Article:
Pool out, parking in

The old Central School pool in Alexandria is coming out. On Tuesday, the Douglas County Board of Commissioners approved a $1.3 million project that will change the south end of the Douglas County Services Center - where the large rotunda-like poo...

Preliminary plan
This illustration shows preliminary plans for a new south entrance to the Douglas County Services building in downtown Alexandria. The space where the pool is now will become additional parking. Commissioners asked the architect to simplify the design to help cut the project's estimated price tag of $1.3 million. Illustration courtesy of Klein McCarthy Architects

The old Central School pool in Alexandria is coming out.

On Tuesday, the Douglas County Board of Commissioners approved a $1.3 million project that will change the south end of the Douglas County Services Center - where the large rotunda-like pool building has stood for 44 years.

The project also includes preliminary plans to remodel the county's social services and public health departments and add a new entrance with a large bank of windows on the building's south side.

Plus, removing the pool will make for a larger parking lot - about 30 more spaces - along the south end of the building.

With the addition of a large bank of ground-level windows, several offices would also be located in the space where the pool locker rooms are located now. It was noted Tuesday that the Veterans Services office would likely relocate there.


Preliminary drawings were presented to the county board Tuesday by architect Scott Fettig of Klein McCarthy Architects out of St. Louis Park and Pete Filippi representing the construction management firm, Contegrity Group Incorporated of Little Falls.

Tuesday's board meeting was the first time the project had been presented to the county board.

How will the

county pay for it?

The preliminary construction cost for the remodel project is $1,377,543.09. That includes a 10 percent contingency and construction management, architectural and engineering fees.

Commissioner Paul Anderson voted against the project during Tuesday's meeting.

He said, "Looking at this $1.3 million cost... I don't think this is the time to do it."

Anderson referenced the fact that the county will pay off a bond in 2012. He suggested that the county wait a year or two on the project and save the $500,000 they'd been paying in bonded levy payments annually.


Char Rosenow, Douglas County's auditor/treasurer, told the board two bonds are set to expire in the next few years, which will free up bond levy payments the county had been making; each bond had the county paying about $500,000 per year.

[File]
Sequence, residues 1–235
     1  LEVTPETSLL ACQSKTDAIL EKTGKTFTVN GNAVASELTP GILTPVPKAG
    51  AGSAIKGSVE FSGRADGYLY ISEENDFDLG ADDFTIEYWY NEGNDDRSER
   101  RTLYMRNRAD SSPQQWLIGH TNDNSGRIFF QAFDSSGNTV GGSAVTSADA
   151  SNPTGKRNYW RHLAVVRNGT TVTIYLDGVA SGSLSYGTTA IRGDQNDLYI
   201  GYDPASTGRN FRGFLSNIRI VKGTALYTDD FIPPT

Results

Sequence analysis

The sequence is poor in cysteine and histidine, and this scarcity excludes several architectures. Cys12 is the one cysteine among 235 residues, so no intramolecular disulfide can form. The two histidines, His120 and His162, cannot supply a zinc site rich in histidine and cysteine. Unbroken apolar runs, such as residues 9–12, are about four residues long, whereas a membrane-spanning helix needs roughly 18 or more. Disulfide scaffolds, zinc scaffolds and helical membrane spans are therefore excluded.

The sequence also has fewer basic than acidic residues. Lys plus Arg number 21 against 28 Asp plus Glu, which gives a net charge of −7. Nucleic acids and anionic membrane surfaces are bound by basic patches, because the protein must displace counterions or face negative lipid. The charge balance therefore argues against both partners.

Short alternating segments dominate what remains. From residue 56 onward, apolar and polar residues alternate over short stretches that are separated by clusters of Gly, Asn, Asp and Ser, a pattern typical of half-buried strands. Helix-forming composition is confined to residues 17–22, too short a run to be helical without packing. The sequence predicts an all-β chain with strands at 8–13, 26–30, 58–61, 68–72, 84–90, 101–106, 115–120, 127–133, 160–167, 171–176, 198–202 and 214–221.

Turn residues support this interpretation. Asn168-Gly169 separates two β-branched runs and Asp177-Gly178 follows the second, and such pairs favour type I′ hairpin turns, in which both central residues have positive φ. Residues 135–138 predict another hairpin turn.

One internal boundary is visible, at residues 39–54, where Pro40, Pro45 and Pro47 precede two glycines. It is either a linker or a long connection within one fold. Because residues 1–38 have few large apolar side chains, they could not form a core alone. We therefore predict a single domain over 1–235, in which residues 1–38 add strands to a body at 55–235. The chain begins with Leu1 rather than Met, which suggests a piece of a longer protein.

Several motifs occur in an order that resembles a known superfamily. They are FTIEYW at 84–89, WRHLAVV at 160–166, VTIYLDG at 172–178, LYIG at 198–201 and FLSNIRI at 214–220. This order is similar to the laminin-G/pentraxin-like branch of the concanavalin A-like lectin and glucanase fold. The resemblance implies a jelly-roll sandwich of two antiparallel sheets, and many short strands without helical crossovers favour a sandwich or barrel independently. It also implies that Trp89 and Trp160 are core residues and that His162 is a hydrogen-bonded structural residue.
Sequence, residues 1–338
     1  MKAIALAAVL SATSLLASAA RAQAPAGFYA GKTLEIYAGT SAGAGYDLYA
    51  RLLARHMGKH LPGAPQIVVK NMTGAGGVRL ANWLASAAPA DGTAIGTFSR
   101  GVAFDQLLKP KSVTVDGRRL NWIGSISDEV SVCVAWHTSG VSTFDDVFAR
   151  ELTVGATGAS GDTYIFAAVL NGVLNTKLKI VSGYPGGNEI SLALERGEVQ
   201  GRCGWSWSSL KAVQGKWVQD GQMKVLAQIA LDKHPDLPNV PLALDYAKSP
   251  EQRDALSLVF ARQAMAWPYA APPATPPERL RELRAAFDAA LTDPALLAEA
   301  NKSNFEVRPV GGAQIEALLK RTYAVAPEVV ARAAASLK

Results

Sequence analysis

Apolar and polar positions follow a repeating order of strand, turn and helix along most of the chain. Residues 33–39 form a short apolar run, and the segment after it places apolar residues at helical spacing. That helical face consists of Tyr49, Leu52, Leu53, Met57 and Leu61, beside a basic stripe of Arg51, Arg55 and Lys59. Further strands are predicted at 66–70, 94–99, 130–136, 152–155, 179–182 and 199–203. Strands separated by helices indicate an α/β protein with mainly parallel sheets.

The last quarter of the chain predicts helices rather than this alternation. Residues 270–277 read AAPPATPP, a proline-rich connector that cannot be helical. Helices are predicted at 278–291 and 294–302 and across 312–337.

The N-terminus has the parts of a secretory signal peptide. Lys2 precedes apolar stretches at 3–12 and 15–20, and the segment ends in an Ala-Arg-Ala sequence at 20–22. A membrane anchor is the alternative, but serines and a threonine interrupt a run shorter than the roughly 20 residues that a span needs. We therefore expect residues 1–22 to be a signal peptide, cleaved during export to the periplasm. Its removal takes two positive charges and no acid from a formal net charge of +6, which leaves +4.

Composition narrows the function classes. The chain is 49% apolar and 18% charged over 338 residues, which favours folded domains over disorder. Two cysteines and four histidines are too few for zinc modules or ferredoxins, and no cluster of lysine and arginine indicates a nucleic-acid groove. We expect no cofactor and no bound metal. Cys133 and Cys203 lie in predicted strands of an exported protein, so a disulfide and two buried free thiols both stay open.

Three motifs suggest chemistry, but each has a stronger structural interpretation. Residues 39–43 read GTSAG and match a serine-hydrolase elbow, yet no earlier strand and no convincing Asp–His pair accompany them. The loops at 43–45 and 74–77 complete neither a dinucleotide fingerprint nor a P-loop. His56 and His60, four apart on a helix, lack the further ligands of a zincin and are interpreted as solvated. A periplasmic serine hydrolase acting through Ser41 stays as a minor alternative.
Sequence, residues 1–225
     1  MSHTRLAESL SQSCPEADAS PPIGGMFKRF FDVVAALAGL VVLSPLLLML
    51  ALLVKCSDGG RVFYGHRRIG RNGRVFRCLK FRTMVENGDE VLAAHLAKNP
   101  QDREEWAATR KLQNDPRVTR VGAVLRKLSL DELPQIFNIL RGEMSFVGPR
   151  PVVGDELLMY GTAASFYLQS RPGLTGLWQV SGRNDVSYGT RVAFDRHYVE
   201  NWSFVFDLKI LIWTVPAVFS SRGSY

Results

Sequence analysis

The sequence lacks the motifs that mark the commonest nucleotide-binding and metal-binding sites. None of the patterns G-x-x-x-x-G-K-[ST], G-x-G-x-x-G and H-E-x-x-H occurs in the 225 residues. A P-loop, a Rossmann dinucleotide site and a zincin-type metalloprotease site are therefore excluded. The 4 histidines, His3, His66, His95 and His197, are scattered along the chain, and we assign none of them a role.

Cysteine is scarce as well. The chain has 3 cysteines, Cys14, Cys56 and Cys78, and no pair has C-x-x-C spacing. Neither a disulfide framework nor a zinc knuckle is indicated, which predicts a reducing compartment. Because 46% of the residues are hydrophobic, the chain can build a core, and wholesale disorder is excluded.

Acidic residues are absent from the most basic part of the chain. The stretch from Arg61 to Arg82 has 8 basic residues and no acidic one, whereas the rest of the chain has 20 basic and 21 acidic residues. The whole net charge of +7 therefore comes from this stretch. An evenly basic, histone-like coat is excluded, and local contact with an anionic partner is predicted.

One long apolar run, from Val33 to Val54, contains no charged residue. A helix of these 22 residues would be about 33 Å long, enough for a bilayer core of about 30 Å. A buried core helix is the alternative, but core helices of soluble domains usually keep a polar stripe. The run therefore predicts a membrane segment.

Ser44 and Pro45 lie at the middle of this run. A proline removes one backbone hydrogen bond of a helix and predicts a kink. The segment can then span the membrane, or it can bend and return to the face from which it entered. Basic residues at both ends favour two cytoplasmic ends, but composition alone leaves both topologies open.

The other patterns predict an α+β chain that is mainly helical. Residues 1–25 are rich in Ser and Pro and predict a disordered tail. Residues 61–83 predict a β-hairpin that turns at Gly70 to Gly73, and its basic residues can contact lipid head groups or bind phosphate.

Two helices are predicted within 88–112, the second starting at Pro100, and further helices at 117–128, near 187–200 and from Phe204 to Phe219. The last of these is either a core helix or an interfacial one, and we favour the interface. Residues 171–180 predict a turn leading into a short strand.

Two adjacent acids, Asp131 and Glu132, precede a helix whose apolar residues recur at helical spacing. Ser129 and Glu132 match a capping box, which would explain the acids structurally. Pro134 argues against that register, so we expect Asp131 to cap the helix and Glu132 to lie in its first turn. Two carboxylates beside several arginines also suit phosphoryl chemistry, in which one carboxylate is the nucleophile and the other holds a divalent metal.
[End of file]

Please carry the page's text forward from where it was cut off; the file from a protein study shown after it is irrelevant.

Commissioners also referenced combining this project with the courts holding addition under way at the southeast corner of the courthouse.

As of now, Rosenow said, the county has not bonded for the courthouse addition. The county is using reserve money to pay for the project costs now with the intent to bond later and reimburse its reserve fund.



Over the last few weeks, Commissioners Jerry Johnson and Norm Salto have served on a committee exploring the south end remodel project.

Johnson said, "This committee is committed to keeping this project from raising our levy."

He said the county's debt levy won't go up with these projects, but it won't go down either.


Salto said he believes now is the time to move forward with the project.

He said, "I don't like to do it, but our goal has been to get rid of the pool and pick up parking [spaces]."

Anderson said he'd like to see a reworking of the architectural plan to cut costs.

"Get some of the glitter out of it," Anderson said. "We don't have to have the fanciest building in town."

Commissioner Bev Bales said, "I think the committee has been watching expenses extremely well. We already have ICWC people here working on [the courthouse addition]. If we wait two or three years we could lose them."

The Institution/Community Work Crew (ICWC) has been working on the courthouse addition project. They are non-dangerous, minimum-security inmates working under the supervision of a qualified Department of Corrections crew leader.

The county is reportedly using their services to help keep costs down.

Bales added, "It would be ridiculous to stop. I think we can massage [the south end building plans] a bit but I have a lot of faith in what's been done already."

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